In a recent post, Tim Kastelle pointed out that “how you define a problem determines if you can solve it.” But even if you start with the right question, how you approach the solution makes the difference between whether you’ll up with an innovation or more-of-the-same.
Tim’s point is that if you define the problem too narrowly, you over-constrain the solution space. If you really overdo this, you may end up with no possible solution at all.
Even if we define the problem broadly enough, if you approach every solution in a purely analytical way, you will get unsurprising results. The analytical approach is to first eliminate all the unknowns to reduce the solution to a series of well-understood steps, that can be completed in a predictable time frame, at an estimable cost. No surprises allowed and, therefore, no innovation is possible.
Interpretation vs Analysis
To counter-weight this approach and improve our chances to innovate, Lester and Priore propose the interpretive approach. In their book Innovation, The Missing Dimension, the authors describe the role of the manager during interpretation as having “less to do with solving problems or negotiating between contending interests than with initiating and guiding conversations among individuals and groups.”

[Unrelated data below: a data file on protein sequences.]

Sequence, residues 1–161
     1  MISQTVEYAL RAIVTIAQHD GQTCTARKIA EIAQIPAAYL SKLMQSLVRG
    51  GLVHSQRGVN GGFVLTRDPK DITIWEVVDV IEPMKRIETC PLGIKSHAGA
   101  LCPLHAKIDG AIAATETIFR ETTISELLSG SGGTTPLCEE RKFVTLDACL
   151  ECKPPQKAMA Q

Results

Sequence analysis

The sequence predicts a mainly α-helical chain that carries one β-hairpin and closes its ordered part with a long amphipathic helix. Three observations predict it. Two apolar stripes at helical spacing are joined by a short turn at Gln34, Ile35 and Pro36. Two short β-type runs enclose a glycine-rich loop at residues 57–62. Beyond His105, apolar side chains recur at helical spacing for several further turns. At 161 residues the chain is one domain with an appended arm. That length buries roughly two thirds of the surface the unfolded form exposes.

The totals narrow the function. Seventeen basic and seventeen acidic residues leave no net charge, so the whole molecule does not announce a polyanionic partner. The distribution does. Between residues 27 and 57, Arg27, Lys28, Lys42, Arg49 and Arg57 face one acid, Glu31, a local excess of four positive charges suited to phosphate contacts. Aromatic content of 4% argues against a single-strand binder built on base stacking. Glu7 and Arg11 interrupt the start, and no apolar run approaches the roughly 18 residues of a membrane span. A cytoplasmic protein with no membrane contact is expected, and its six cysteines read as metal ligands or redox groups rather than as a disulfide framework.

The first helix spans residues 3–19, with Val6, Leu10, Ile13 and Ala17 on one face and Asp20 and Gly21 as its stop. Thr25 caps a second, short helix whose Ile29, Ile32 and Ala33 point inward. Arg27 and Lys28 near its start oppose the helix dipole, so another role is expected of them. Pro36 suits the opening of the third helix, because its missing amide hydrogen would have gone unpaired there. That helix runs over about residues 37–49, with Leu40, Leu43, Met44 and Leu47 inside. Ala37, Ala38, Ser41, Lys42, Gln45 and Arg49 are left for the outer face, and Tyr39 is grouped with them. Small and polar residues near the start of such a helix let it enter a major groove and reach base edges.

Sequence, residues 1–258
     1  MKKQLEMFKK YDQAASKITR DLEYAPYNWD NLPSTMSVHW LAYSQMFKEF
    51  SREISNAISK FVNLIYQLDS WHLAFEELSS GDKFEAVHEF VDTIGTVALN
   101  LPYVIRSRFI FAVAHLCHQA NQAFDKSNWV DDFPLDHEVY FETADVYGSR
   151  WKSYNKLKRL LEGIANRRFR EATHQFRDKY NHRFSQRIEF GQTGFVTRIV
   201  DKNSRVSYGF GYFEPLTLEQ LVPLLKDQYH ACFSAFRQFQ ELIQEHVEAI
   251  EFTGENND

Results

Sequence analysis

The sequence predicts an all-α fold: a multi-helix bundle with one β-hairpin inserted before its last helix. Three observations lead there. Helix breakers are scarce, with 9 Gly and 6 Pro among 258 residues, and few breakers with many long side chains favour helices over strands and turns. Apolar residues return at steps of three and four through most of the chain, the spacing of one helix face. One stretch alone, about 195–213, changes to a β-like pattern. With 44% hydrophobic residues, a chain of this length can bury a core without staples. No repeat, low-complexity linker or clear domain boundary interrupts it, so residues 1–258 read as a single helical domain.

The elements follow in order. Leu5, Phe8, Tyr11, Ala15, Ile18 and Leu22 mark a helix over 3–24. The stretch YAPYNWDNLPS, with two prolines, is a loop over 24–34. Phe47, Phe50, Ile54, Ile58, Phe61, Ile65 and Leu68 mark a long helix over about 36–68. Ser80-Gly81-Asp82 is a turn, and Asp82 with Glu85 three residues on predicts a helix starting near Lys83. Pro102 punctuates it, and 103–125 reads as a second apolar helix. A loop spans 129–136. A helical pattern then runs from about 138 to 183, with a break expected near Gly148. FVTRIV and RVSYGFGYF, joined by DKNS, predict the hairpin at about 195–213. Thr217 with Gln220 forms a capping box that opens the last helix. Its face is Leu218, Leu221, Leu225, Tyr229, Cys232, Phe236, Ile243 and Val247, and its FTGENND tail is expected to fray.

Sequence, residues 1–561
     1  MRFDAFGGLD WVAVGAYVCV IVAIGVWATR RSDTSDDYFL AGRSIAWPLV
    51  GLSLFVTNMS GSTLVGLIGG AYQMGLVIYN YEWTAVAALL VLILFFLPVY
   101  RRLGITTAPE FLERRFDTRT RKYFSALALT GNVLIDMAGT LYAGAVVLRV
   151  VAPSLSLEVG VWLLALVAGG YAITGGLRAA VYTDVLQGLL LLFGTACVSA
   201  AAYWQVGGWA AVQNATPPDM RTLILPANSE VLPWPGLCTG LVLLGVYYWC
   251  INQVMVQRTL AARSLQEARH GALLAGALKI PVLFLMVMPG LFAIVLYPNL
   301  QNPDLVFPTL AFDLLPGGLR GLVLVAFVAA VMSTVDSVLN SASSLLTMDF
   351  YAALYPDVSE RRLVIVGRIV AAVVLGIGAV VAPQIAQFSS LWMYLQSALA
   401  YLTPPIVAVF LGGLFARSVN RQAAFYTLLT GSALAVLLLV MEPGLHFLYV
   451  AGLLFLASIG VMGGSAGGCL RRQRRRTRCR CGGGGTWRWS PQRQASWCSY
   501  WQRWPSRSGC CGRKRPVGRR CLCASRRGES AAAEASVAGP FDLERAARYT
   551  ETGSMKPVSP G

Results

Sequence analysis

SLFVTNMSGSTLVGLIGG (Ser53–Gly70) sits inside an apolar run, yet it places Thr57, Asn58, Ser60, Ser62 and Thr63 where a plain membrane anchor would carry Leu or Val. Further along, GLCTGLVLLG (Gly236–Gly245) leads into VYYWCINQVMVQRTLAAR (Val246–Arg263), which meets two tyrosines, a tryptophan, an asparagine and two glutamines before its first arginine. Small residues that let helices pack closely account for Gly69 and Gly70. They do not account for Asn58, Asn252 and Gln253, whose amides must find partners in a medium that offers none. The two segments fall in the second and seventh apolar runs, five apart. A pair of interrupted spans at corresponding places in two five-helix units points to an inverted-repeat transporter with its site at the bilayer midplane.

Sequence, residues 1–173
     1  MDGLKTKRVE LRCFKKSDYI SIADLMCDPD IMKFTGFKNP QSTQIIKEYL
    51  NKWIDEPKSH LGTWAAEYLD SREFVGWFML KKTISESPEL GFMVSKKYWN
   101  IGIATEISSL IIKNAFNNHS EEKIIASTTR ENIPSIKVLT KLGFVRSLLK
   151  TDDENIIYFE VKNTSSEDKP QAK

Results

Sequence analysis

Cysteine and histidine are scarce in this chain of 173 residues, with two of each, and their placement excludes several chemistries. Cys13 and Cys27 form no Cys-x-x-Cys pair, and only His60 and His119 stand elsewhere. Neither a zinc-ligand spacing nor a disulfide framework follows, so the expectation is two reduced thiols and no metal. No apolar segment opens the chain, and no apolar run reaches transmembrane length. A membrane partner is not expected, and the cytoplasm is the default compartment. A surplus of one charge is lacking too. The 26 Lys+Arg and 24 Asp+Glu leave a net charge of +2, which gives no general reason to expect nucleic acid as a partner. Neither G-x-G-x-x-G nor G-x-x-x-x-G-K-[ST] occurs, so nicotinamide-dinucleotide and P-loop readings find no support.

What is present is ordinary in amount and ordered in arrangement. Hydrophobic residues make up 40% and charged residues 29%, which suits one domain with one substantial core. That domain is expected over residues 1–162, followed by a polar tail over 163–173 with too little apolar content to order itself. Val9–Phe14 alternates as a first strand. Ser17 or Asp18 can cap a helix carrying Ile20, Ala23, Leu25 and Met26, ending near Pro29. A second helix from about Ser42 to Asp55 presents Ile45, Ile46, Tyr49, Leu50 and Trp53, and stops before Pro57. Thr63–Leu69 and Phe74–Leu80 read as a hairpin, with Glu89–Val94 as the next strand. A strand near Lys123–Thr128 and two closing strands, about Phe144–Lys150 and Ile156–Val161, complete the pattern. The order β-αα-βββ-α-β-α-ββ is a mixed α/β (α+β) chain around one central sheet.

They are very clear that the aim is not to replace one approach with the other, but rather to integrate the two,
Businesses must strengthen the interpretive approach to a point where it can stand alongside analysis as a tool to cultivate innovation.
As I was ruminating Tim’s post and how it played with the interpretive model championed by Lester and Piore, I read Idris Mootee’s post on White Space Mapping. I liked that Idris describes White Space as “a customer inquiry and discovery process.” That’s a pretty good, succinct description of an interpretive process, and very importantly, it puts the customer smack dab in the middle of it.
Connecting the Dots
Putting it all together, this all seems to indicate that to arrive at more innovative solutions,
- Be careful not to define the problem so narrowly as to over-constrain the possible solution space. You want to leave plenty of room for White Space.
- Facilitate conversations among the stakeholders, across functions, departments and even business boundaries. This part of the process must include potential customers and users of the final result (whatever that turns out to be).
- Implement the final solution.
Of course, the last two are not separate steps in a serial process. Rather, they are interacting elements of an ongoing, iterative cycle from which a tangible solution emerges.
UPDATE: The OODA Loop
After I wrote this post, I realized that the the cycle described above is reminiscent of John Boyd’s OODA Loop, the granddaddy of all Agile processes. I could say a lot more about this, but I’ll leave that for future posts.